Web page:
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One Woe After Another THE TANTRUMS THAT RESULTED IN HIS SUSPENSION WERE ONLY PART OF THE MANY MISERIES OF OIL CAN BOYD

Aug. 04, 1986
Aug. 04, 1986

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Aug. 4, 1986

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One Woe After Another THE TANTRUMS THAT RESULTED IN HIS SUSPENSION WERE ONLY PART OF THE MANY MISERIES OF OIL CAN BOYD

The mound on the field behind East Providence Senior High School
in Rhode Island is lopsided and made of loose sand, but last Friday
the Can marched out to it, turned toward home plate and said, ''This
is just like the ballpark in Meridian. I got a ball in my right hand,
a glove on my left, and I'm back home again.'' He looked down and
kicked at the sand. ''Home,'' he repeated, then looked in to his
catcher, his father-in-law, Isadore Ramos.
This was the first appearance on a mound anywhere for Dennis Ray
(Oil Can) Boyd in 15 days -- since July 10. He had finished his
workout at Fenway Park at 5:45 that day, 15 minutes before the eight
pitchers selected for the American League All-Star team were to be
announced. At the time he was the second-winningest (11-6) pitcher
(after his Boston teammate Roger Clemens) in the league, and when he
completed his throwing he sat in the dugout to await what he thought
would be good news. When a reporter approached and told him
that he had been bypassed for the second straight year, the Can went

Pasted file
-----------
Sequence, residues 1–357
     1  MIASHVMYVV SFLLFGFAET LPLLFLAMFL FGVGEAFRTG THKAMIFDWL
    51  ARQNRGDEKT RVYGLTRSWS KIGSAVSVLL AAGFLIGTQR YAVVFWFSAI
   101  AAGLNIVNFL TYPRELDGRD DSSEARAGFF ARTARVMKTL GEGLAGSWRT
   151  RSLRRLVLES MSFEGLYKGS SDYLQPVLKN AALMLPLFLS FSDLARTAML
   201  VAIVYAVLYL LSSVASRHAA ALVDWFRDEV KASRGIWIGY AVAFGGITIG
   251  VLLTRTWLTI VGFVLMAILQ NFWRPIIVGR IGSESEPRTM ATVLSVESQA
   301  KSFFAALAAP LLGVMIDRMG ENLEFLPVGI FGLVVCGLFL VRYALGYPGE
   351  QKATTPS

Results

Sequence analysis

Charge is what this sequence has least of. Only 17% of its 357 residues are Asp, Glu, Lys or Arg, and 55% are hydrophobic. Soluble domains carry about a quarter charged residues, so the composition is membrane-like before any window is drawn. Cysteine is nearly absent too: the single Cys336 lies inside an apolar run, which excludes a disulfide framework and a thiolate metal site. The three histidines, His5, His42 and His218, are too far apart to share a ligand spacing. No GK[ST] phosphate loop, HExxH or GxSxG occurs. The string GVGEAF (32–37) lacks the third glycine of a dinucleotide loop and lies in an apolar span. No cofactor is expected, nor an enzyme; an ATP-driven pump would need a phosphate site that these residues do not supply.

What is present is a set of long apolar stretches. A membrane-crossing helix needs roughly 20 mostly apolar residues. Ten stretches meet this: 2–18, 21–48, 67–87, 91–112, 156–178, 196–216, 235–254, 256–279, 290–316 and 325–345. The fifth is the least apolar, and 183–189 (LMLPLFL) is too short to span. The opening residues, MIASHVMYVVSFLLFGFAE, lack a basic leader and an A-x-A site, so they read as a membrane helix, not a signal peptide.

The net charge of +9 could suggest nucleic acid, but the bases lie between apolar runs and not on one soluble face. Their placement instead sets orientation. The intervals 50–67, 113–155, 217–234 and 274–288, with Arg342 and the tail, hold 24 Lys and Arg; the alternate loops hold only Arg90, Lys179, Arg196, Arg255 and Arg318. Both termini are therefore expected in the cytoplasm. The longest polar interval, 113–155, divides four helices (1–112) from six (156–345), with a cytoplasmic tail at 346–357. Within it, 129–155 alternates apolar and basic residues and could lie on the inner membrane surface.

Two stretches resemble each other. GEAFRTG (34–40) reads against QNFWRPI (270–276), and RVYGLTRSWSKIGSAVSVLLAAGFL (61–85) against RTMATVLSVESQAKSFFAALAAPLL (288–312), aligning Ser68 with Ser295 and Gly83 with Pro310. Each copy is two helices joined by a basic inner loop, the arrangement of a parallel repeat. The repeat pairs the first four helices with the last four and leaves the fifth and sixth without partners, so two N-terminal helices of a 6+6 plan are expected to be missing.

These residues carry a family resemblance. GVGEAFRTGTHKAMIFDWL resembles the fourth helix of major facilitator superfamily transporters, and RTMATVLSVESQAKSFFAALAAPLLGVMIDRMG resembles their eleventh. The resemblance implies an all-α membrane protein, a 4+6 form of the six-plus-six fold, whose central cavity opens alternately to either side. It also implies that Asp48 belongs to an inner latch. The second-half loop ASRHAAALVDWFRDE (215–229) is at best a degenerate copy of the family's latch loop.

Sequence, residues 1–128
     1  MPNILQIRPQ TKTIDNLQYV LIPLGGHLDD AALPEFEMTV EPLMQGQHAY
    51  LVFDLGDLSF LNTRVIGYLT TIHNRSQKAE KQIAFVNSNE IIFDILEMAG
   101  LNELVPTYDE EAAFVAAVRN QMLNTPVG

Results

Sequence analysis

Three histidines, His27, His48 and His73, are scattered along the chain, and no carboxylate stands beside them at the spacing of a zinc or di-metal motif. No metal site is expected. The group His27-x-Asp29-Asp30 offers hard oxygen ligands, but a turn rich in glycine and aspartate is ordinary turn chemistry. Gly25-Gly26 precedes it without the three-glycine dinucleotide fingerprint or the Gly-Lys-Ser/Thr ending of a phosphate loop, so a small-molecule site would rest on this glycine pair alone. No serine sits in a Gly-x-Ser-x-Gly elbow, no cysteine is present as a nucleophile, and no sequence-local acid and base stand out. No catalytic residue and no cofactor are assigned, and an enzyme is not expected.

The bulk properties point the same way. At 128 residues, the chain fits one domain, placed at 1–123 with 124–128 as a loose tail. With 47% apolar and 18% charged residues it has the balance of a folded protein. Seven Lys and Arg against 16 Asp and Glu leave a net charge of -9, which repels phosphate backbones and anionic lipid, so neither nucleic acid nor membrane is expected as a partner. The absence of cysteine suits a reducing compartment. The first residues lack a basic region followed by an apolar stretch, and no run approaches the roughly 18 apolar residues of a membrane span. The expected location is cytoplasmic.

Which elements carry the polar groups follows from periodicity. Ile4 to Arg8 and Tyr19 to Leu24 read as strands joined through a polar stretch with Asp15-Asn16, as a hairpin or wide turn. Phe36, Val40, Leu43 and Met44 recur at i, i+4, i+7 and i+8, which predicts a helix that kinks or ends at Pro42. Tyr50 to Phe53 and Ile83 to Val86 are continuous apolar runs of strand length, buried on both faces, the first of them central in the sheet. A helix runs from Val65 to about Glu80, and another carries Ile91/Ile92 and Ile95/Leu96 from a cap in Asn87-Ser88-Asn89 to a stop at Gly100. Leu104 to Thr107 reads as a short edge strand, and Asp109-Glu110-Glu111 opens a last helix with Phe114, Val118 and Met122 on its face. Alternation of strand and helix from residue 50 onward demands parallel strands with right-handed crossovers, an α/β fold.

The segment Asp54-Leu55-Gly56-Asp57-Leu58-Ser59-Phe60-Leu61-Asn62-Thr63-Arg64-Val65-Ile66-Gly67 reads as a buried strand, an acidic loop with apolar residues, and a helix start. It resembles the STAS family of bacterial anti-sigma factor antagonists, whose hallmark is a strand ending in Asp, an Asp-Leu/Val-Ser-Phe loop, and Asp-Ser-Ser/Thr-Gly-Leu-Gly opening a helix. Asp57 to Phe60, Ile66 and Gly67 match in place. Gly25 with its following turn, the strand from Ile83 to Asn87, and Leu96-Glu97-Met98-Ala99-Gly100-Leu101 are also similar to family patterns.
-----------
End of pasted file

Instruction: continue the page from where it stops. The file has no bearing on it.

wild. He charged into the clubhouse, tearing off his uniform,
shouting obscenities. He cursed his longtime friend and fellow Red
Sox pitcher, Al Nipper; his manager, John McNamara; and team
physician Dr. Arthur Pappas, whom he trusted like a father. He
gunned his car out of the parking lot, tires squealing, and went
home to his condominium, which overlooks Boston Harbor, in the
city of Chelsea.
''I didn't want to be bawling in front of my locker, my head in my
hands, and have people see me or tap me on the shoulder saying, 'Too
bad, Can,' '' he says. An hour and a half later he returned to
Fenway ''to apologize to John McNamara and my teammates,'' but the
security guard informed him that he wasn't allowed back in the
clubhouse. ''I thought they were telling me that I wasn't wanted
anymore, and it made me feel like there was a fire in my clothes,''
Boyd recalls. So he took off.
There followed a string of events that made the front page of the
tabloid Boston Herald eight times in the next 13 days. On July 11 he
failed to report to the team and was suspended for three days. The
next day the Herald's front page showed an angry Boyd tossing a soft
drink at a photographer.
On the Sunday before the All-Star break, July 12, he returned to
Fenway and made his apologies to McNamara and the Sox. That was
followed by a fracas with two undercover Chelsea narcotics
detectives and a complaint by one of them of assault and battery and